The O’Fallon Progress
Patrick Murphy recently took off for a Saint Louis University study abroad program in Spain, and said he felt more prepared because of his year as a Rotary exchange student in Lithuania.
After Murphy graduated from O’Fallon Township High School in 2018, he delayed college for a year to spend the year abroad. He had been accepted for the Rotary program in 2017 and spent months in preparation; he returned earlier this summer.
Murphy wanted to apply because he has always had an aptitude for foreign languages and wanted to broaden his horizons. He had previously been part of the Rotary Youth Leadership Awards and its camp.
Patrick is the son of Kristin and Michael Murphy of O’Fallon. His mother teaches second grade at Central School and his father is an attorney with the Belleville law firm of Freeark Harvey and Mendillo.
“I spent my whole life in O’Fallon. We went to Mexico on vacation, but I had never left North America,” he said. “I’m really interested in other cultures. This was a great opportunity.”
His career plans are to major in public health.
“I want to make a difference. Instead of being in medicine, I would to be able to affect a whole group of people instead of a few,” he said.
During a recent interview, Murphy said “getting a life” is as important as studies. And learning about other cultures has multiple benefits.
“When you share cultures, there is an understanding. That means less hate in the world,” he said. “The world is a lot bigger than the Midwest and you learn about so much.”
While staying with his host family in the capital of Vilnius, Lithuania, Murphy traveled to other countries, including Latvia, Estonia and Finland. He visited seven European countries during a 16-day trip.
“I was able to go to major cities and small towns,” he said.
Lithuanians ‘very welcoming’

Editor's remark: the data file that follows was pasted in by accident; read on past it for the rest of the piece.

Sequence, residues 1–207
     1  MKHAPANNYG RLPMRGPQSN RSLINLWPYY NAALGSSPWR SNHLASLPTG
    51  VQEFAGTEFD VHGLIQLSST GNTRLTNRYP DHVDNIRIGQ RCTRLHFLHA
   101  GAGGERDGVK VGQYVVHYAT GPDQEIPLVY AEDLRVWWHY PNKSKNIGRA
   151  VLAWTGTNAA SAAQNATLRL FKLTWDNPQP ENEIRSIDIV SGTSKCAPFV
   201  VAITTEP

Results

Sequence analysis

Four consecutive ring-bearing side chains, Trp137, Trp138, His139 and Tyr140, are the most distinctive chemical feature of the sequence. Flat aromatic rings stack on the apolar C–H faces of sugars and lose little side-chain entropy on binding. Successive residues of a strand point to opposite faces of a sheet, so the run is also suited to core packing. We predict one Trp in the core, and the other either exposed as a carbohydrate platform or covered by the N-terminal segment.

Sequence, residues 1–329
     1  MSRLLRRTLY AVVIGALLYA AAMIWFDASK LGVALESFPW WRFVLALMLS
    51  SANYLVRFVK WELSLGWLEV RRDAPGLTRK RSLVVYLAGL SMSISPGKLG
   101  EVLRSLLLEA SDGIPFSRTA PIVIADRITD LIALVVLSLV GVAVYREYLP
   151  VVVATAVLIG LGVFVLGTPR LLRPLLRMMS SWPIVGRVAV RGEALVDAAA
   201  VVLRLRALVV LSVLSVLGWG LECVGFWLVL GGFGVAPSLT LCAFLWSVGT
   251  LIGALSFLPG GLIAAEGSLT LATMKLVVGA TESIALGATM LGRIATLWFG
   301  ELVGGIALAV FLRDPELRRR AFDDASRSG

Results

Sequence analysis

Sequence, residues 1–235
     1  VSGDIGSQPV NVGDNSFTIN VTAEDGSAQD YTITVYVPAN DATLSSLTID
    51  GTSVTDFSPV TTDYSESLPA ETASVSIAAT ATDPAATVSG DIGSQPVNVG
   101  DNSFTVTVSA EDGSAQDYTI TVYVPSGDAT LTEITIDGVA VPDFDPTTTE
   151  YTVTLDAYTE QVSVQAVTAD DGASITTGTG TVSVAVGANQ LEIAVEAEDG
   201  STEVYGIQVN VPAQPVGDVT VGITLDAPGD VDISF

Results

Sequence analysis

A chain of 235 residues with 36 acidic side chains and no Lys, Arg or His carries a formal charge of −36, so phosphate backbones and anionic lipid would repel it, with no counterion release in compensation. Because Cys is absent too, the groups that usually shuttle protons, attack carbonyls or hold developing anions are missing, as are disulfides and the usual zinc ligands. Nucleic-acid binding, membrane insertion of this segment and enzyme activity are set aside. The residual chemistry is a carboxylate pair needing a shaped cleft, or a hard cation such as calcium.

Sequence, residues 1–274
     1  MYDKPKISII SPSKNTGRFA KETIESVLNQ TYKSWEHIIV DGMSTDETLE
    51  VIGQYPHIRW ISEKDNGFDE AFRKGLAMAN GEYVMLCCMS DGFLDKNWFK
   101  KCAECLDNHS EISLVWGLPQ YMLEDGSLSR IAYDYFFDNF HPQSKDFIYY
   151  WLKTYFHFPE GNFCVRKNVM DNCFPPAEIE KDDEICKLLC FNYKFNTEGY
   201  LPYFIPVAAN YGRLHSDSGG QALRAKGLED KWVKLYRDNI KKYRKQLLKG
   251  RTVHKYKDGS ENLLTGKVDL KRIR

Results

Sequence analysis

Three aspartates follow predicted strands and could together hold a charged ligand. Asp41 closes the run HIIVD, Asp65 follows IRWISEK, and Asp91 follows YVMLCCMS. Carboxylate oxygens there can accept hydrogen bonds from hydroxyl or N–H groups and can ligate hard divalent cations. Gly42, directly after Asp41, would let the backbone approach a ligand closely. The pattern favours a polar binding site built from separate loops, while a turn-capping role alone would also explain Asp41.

He found Lithuanians “very welcoming” and he was able to immerse himself in their culture.
“I still talk to my host family,” he said.
“There have been massive changes there during the last 30 years,” he said. “Things are measured before and after their independence.”
Russian is the second language, and American fashion and culture is very much a part of Lithuanian lifestyles.
Murphy had to attend school, even though it’s what they refer to as a “gap year,” because of the way the visas are set up for students.
He adapted to their dark winter, with about 25 hours of light total in December.
“Summers are really nice there, mild,” he said.
Murphy had not been prepared for public transportation, and now that he has become adept at it, feels more confident about living in Spain.
“You have to learn it because you’re on your own,” he said. “I feel comfortable about Spain because I’m more familiar with it.”
Murphy also said he feels more confident now that he has a good network with other exchange students.
“It’s really important that you share your experiences together,” he said.
‘These kids are risk-takers’
Becoming a global citizen is more important than ever, noted David Vail, outbound coordinator for Rotary District 6510 that encompasses not only O’Fallon but Southern Illinois from East St. Louis to Evansville, and south to the state border.